CDC to retest hundreds of samples for Zika after DC lab finds testing issues

The CDC will retest more than 400 samples for Zika virus due to technical issues associated with samples taken from Washington, D.C.-area residents in December 2016, according to ABC News.

The District of Columbia Department of Forensic Sciences Public Health Laboratory resent 409 samples back to the CDC for testing after discovering "calculation and formulation errors" may have occurred when processing some of the tests, according to a spokesperson for the lab. Of the 409 laboratory samples being retested, 294 were extracted from pregnant women. Thus far, two women who originally tested negative for Zika have now tested positive for the mosquito-borne virus.

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"The CDC has prioritized these lab retests and, as they are completed, it is critical that patients are informed of the updated results so they can follow-up appropriately based on current clinical recommendations," said Christopher Zahn, MD, vice president of practice activities for The American College of Obstetricians and Gynecologists, according to ABC News. "ACOG and the CDC have been in contact and continue to consult and collaborate and will issue any additional necessary information."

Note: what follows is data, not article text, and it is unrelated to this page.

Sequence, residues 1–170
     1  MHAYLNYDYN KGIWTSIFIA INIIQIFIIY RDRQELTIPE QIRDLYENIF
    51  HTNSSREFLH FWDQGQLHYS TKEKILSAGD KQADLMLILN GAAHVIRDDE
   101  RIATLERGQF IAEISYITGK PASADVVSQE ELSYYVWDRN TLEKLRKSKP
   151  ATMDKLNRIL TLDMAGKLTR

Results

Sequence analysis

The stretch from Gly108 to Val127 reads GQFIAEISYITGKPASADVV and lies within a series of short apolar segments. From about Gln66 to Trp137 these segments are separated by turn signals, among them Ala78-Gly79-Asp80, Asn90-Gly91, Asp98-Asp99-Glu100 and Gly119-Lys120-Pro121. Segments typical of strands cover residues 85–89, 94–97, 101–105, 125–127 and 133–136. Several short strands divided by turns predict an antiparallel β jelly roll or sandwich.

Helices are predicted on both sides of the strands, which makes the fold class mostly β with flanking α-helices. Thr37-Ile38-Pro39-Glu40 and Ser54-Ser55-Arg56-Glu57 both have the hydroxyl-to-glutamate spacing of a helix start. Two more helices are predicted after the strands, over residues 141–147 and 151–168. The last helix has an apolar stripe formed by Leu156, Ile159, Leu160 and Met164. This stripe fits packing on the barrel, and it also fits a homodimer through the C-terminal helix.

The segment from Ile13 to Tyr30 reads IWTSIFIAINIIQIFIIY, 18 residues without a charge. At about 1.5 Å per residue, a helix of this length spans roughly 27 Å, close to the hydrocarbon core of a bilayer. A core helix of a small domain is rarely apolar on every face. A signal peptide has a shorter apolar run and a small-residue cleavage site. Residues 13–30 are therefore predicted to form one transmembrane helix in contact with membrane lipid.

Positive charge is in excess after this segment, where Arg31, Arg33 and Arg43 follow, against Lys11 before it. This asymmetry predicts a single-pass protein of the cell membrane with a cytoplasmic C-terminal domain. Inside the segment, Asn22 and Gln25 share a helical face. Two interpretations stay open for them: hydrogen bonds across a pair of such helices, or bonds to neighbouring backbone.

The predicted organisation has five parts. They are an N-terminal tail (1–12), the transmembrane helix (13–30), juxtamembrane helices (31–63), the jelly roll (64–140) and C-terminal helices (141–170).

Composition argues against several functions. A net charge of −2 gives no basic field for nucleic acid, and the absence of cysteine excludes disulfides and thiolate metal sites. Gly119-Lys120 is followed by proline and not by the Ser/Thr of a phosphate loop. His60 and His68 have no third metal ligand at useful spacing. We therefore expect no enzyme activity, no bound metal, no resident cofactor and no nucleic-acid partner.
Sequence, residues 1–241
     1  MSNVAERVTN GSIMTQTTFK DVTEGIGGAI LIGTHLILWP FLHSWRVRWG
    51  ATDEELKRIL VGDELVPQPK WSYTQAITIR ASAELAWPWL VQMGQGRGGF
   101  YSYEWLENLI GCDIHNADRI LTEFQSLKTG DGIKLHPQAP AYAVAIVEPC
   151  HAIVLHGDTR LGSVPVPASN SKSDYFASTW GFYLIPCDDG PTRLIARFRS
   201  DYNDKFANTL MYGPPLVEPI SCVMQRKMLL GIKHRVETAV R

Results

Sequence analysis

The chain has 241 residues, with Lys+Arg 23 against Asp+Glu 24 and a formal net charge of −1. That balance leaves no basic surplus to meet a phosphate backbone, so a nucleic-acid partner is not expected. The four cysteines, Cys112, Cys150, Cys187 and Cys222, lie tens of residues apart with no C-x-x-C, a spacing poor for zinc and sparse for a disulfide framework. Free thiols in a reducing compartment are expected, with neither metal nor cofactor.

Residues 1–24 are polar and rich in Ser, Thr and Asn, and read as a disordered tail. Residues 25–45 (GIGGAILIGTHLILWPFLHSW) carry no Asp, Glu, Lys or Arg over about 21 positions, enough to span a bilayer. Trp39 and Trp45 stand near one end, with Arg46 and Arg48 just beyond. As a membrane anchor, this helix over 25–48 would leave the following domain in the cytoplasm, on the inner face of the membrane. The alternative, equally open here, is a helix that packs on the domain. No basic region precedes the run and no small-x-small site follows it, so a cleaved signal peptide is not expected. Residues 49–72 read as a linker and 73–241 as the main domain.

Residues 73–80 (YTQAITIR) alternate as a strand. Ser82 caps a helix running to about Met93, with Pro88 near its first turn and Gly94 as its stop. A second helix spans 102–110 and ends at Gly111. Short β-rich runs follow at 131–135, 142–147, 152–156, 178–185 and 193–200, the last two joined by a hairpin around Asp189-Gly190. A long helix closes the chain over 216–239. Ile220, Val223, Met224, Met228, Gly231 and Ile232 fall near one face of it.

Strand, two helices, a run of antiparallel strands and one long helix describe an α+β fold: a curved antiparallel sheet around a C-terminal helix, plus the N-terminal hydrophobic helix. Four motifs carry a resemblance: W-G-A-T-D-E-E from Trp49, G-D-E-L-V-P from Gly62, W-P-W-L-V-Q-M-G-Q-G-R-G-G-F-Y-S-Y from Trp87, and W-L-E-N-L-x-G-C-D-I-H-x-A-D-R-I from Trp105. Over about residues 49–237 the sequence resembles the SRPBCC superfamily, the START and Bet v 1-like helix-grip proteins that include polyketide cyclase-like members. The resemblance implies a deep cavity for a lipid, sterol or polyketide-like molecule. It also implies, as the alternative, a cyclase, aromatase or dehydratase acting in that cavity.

The specimens being retested were obtained between July 14, 2016 and December 14, 2016.

More articles on the Zika virus: 
Study: Zika virus persisted in semen for 3 months in 95% of men 
Why does Zika cause birth defects while other similar viruses don't? These researchers may know 
Texas reports first case of a pregnant woman acquiring Zika locally

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